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How rum changed the world: Morris Library's food history presentation

Food historian Cynthia Clampitt gives a presentation Tuesday night at the Morris Area Public Library called “How Rum Changed the World,” about the intriguing history of the liquor.
Food historian Cynthia Clampitt gives a presentation Tuesday night at the Morris Area Public Library called “How Rum Changed the World,” about the intriguing history of the liquor.

MORRIS – A presentation by food historian Cynthia Clampitt on Tuesday night at the Morris Area Public Library focused on the role the liquor rum played in history in her presentation, titled “How Rum Changed the World.”

“Rum has had a wider impact on history than any other alcohol,” Clampitt said to a group gathered in the library auditorium.

Molasses was known as the waste product of sugar, and without sugar cane the world might not have discovered that fermenting molasses could make rum.

Rum rose to prominence as a big part of the spice trade in the 1100s, Clampitt said, and possessing it meant you might be in a good financial position.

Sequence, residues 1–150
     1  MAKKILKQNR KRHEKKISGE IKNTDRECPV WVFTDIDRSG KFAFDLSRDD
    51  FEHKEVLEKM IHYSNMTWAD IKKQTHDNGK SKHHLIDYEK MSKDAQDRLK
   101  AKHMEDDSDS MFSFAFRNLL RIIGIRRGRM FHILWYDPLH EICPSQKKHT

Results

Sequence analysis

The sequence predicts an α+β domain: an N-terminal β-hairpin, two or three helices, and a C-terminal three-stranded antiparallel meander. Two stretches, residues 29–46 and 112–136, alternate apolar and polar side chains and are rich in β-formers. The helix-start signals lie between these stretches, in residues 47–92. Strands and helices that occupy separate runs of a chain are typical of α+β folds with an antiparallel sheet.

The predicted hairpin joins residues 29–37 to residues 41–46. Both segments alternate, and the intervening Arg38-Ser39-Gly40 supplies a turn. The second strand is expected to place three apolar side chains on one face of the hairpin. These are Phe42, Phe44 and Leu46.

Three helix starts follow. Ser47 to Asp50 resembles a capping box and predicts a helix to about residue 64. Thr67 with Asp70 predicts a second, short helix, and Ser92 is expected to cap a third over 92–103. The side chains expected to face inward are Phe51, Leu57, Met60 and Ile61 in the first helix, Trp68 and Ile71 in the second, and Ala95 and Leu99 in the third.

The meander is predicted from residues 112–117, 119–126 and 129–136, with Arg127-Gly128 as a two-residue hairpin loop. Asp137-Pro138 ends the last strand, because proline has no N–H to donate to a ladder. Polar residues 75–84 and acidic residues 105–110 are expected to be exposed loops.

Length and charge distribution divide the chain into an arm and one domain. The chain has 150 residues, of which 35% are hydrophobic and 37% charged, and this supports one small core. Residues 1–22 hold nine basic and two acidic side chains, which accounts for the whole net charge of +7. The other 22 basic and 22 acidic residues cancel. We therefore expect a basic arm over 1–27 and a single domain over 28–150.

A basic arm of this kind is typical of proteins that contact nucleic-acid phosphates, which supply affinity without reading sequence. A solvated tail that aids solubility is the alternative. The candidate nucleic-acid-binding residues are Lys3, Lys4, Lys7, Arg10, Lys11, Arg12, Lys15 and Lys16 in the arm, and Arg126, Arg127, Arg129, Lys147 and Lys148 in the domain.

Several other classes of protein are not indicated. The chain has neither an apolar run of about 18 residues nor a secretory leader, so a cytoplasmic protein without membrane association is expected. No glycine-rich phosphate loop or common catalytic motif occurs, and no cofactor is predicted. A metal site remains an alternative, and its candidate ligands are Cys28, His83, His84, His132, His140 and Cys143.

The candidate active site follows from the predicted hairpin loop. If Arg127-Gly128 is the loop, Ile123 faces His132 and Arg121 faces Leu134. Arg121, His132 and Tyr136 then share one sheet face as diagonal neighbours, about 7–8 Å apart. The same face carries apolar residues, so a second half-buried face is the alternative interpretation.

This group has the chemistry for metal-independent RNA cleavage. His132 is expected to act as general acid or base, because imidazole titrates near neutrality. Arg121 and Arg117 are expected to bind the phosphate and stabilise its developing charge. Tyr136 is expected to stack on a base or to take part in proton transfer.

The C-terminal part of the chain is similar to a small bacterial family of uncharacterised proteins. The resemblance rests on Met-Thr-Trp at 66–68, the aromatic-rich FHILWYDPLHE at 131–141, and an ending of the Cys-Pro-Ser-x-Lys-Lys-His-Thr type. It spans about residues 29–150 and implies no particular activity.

At that time, Clampitt said, people consumed more sugar per person than they do now, even when realizing it could rot their teeth. Dark teeth were signs of wealth.

“People in Elizabethan England colored their teeth black because they wanted to appear rich,” Clampitt said.

Audience member Nancy Limbach thought that fact stood out.

“It’s interesting how values change over time, but that was important to them,” Limbach said.

Surprised by the historical significance of rum and how it seemed to weave through history, Limbach said she enjoyed the presentation. She said it stayed on topic.

“She was a really good speaker,” Limbach said.

Not only was rum once a sign of wealth, it was believed, like most alcohol, to have health benefits, Clampitt said.

“Europeans used it heavily, believing it could treat disease, sickness, and more,” she said.

But at 160 proof in the early stages, rum actually was quite strong and dangerous.

Admiral Edward Vernon, an English naval officer in the 1700s, noticed a high death rate in his military associated with use of 160 proof rum.

He decided to mix it with water, which at sea, had poor taste after a while.

The poor taste was remedied with the addition of sugar or lime juice, a first for rum. Rum has advanced in quality, since then, she said.

“The worst rum you could buy now would be better than the best rum back then,” Clampitt said.

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To see a video of the presentation at the Morris Library on rum's evolution and role in history, click here.